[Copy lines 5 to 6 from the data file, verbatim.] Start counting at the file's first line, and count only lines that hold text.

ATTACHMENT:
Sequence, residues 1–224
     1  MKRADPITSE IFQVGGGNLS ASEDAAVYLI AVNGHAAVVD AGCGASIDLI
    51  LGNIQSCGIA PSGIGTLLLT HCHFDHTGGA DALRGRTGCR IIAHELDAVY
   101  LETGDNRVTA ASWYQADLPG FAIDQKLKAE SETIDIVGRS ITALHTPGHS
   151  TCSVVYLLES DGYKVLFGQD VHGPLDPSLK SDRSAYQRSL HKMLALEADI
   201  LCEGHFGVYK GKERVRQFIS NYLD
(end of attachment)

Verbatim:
   151  TCSVVYLLES DGYKVLFGQD VHGPLDPSLK SDRSAYQRSL HKMLALEADI
   201  LCEGHFGVYK GKERVRQFIS NYLD